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Plane catches fire at Las Vegas airport; 14 injured

The patients taken to the hospital were treated and released; most of the 14 minor injuries reported were from the evacuation slide

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In this photo taken from the view of a plane window, smoke billows out from a plane that caught fire at McCarren International Airport, Tuesday, Sept. 8, 2015, in Las Vegas.

Eric Hays via AP

By Kimberly Pierceall and Ken Ritter
Associated Press

LAS VEGAS — The 157 passengers aboard British Airways Flight 2276 were settled into their seats for the 10-hour flight from Las Vegas to London when a loud boom rocked the aircraft.

Smoke and ash started pouring out of the plane’s left side engine, which had caught fire. Those aboard safely fled down emergency slides and across the tarmac as flames leaped from the British Airways Boeing 777-200 and dark black smoke billowed.

Despite the dramatic scene, the plane was evacuated within minutes; some passengers even left with their luggage. Most of the 14 minor injuries reported were from the evacuation slide and British Airways said Wednesday that those who were taken to a hospital were treated and released.

Reggie Bugmuncher, of Philadelphia, was charging her phone and waiting at a gate Tuesday for her flight from McCarran International Airport when she heard people saying, “Oh, my God.” She looked out and saw “bursts of flames coming out of the middle of the plane.”

“Everyone ran to the windows and people were standing on their chairs, looking out, holding their breath with their hands over their mouths,” Bugmuncher said.

The plane’s emergency slides deployed and passengers quickly fled. She said it was a “bit more orderly” than she would have expected given the dramatic nature of the fire and smoke.

Karen Bravo was a passenger on the plane. She told Las Vegas TV station KTNV that a loud, sudden noise shook the aircraft.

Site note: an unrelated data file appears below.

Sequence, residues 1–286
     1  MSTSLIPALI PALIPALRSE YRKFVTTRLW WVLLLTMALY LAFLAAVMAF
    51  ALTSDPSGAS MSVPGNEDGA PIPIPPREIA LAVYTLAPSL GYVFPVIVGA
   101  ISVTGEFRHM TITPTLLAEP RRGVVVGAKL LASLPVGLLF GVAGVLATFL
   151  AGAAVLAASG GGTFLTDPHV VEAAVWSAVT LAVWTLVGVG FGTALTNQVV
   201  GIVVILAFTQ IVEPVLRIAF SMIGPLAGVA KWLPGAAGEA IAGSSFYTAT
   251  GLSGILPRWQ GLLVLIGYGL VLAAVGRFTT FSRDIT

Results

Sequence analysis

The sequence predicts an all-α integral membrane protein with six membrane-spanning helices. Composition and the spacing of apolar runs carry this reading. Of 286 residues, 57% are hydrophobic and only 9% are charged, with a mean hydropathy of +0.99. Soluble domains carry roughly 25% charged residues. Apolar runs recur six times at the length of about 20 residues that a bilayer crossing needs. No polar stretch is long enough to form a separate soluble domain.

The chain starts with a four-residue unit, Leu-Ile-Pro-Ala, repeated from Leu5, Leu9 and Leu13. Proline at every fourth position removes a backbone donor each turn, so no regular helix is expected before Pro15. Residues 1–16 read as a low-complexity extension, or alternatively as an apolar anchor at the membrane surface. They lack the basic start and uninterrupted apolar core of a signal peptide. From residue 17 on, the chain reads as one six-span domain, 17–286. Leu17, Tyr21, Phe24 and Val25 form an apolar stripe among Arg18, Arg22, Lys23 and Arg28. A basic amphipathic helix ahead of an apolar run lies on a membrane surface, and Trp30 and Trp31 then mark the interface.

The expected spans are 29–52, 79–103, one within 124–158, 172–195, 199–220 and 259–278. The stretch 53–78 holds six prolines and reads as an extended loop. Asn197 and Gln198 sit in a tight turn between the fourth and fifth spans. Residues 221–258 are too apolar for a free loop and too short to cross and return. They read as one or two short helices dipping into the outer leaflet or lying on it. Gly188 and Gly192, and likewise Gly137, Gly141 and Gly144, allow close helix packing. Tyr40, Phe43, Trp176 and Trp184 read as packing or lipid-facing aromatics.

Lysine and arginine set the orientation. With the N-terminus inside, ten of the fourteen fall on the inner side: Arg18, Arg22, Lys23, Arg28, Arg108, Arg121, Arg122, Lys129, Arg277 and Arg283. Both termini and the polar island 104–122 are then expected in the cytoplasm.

“I thought it was a tire blowing out, then you heard another one. Then the plane just stopped,” she said.

“All you could see was smoke and then all you could see was ash,” said passenger Torill Korven. “And then you looked out the other window and all you could see was fire.”

Firefighters stationed at the airport reached the plane two minutes after getting reports of flames, and within another three minutes, everyone inside the plane had escaped.

After firefighters extinguished the flames, emergency vehicles could be seen surrounding the aircraft, which was left a sooty gray from the smoke and fire retardant.

Federal Aviation Administration spokesman Ian Gregor said the plane’s left engine caught fire and an investigation was under way. The National Transportation Safety Board was collecting information about the incident, said Eric Weiss, a spokesman for the agency in Washington.

Clark County Deputy Fire Chief Jon Klassen said the cause of the fire wasn’t clear yet, but the fire didn’t appear to breach the cabin.

Fire officials said 14 people were taken to Sunrise Hospital by early Tuesday evening for minor injuries, most a result of sliding down the inflatable chutes to escape.

Airport spokesman Chris Jones said passengers were taken by the airline to hotels but he had no additional information on their travel plans.

The airline said the aircraft “experienced a technical issue” as it prepared to take off. “Our crew evacuated the aircraft safely and the fire was quickly extinguished.”

British Airways said it is providing passengers with hotels and whatever else they may need, and added that the safety of its customers and crew is a top priority.

The Federal Aviation Administration delayed flights to Las Vegas from some airports for more than two hours after the fire to slow the flow of planes while the disabled Boeing 777 made two of the airport’s four runways inaccessible. One of the runways reopened about 2 1/2 hours after the fire.

Las Vegas’ airport is the ninth-busiest in the U.S. and had nearly 43 million passengers last year. The airport has been taking steps to accommodate more international travelers seeking direct flights to Europe and Asia, including adding new gates to accommodate wide-body double-decker jets.

Associated Press writer Anna Johnson in Phoenix contributed to this report.